Sometimes, parents notice that their child is struggling to reach language milestones and start suspecting a language delay. At the same time, they are often told to just “wait and see” if their child will outgrow their delay because the child is still too young to see a speech therapist or start therapy. Likewise, their surrounding people start sharing experiences with them like “our son could catch up to his peers without any intervention; the pediatrician advised us to wait until 3 years of age before we consider consulting with a speech therapist…”.
If You Are A Parent And You Are Facing The Same Challenge, What Is The Right Thing To Do?
You should know that no age is “too early”. It is right that every child develops at their own pace and in their own way, but there are milestones that should be reached by a specific age, and failure to reach these milestones can trigger concern.
It is also right that some children with expressive language delay catch up to their peers during the preschool years without any speech therapy intervention. However, others have persistent delays and do not grow out of their language delay without appropriate intervention. Since it is difficult to predict whether the child will catch up to his peers without any intervention or not, and since delay in language skills can be a sign of a more serious developmental disorder, early intervention is the best way to support the child’s development.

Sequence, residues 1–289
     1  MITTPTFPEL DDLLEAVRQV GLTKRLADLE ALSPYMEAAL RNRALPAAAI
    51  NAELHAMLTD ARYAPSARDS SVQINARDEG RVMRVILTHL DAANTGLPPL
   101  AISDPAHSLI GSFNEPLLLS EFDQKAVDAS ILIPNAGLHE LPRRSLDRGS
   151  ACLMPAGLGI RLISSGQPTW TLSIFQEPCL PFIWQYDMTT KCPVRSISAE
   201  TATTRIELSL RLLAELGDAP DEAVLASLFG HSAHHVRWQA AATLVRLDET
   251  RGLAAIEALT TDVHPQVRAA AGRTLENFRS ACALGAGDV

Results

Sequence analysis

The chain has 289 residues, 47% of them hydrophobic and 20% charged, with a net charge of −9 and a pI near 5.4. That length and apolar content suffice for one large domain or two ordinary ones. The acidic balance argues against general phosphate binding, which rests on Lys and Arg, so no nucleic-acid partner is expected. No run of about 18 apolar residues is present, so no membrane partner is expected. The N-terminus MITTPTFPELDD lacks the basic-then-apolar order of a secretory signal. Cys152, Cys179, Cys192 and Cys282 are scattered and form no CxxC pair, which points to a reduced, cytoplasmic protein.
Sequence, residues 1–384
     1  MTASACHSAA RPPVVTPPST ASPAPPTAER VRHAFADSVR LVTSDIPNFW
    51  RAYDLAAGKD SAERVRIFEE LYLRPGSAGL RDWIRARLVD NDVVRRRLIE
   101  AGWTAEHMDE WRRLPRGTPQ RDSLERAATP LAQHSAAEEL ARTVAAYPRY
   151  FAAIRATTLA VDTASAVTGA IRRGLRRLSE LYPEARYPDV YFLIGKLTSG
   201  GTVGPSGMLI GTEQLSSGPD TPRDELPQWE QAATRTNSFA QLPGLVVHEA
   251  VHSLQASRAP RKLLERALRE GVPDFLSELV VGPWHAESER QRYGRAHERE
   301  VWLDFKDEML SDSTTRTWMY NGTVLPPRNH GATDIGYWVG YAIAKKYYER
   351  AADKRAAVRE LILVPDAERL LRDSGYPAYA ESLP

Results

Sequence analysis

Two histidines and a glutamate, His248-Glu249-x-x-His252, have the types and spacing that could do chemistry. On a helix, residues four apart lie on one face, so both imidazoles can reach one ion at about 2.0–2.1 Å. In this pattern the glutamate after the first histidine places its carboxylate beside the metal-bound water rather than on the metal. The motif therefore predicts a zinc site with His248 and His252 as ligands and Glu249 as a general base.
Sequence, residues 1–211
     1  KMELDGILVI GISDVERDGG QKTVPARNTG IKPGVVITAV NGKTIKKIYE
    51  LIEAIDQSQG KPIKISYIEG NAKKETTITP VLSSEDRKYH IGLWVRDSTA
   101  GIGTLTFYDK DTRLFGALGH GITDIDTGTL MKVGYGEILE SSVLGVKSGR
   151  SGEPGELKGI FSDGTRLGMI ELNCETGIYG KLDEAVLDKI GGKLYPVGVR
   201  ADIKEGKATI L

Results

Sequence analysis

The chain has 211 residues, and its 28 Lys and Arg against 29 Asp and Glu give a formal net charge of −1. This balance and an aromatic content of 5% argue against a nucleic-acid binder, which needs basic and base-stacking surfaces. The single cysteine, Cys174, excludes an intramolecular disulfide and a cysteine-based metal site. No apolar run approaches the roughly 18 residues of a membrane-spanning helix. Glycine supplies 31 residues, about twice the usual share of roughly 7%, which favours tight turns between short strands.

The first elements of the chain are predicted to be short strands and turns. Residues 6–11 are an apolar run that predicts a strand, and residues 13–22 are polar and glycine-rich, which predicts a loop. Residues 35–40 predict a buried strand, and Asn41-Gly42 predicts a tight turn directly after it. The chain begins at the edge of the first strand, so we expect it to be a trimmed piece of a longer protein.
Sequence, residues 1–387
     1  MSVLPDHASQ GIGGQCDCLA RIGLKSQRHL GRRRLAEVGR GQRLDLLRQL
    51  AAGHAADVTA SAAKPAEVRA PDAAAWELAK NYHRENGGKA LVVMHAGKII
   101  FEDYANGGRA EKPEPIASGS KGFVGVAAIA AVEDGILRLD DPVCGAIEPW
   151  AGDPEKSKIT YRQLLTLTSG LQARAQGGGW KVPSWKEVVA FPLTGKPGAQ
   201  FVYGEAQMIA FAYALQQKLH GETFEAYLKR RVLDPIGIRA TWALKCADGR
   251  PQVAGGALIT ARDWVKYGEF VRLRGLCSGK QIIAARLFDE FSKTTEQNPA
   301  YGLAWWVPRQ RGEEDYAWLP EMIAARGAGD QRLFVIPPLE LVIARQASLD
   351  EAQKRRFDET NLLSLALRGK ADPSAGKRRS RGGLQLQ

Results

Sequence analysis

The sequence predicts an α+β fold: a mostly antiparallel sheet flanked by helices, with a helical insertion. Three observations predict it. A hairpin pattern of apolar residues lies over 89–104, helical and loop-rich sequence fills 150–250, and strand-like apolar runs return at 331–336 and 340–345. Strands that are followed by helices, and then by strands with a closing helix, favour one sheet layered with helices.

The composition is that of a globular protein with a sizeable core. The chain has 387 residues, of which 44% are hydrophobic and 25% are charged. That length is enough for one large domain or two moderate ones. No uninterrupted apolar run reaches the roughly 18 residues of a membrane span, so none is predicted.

Why Choose “Early Intervention”?
The answer to this question has to do with the young brain’s capacity to change, create and reinforce new neural pathways to learn new skills and enhance existing cognitive capabilities. This is known as “neural plasticity.” The brain’s ability to restructure or rewire itself happens through stimulation from the outside environment that comes from exploration, experiences, practice, repetition, and specific training. The brain remains “plastic” throughout the human lifespan, but most research indicates that neuroplasticity is most constant and rapid during the first five years of life. Finally, we should know that early intervention does not just involve treatment and therapy, but it also covers education, support, and guidance for parents, which is key to the intervention’s success.
Early intervention services can change a child’s developmental path and improve therapy outcomes. Do not “wait and see”, just “start and see what will happen…”!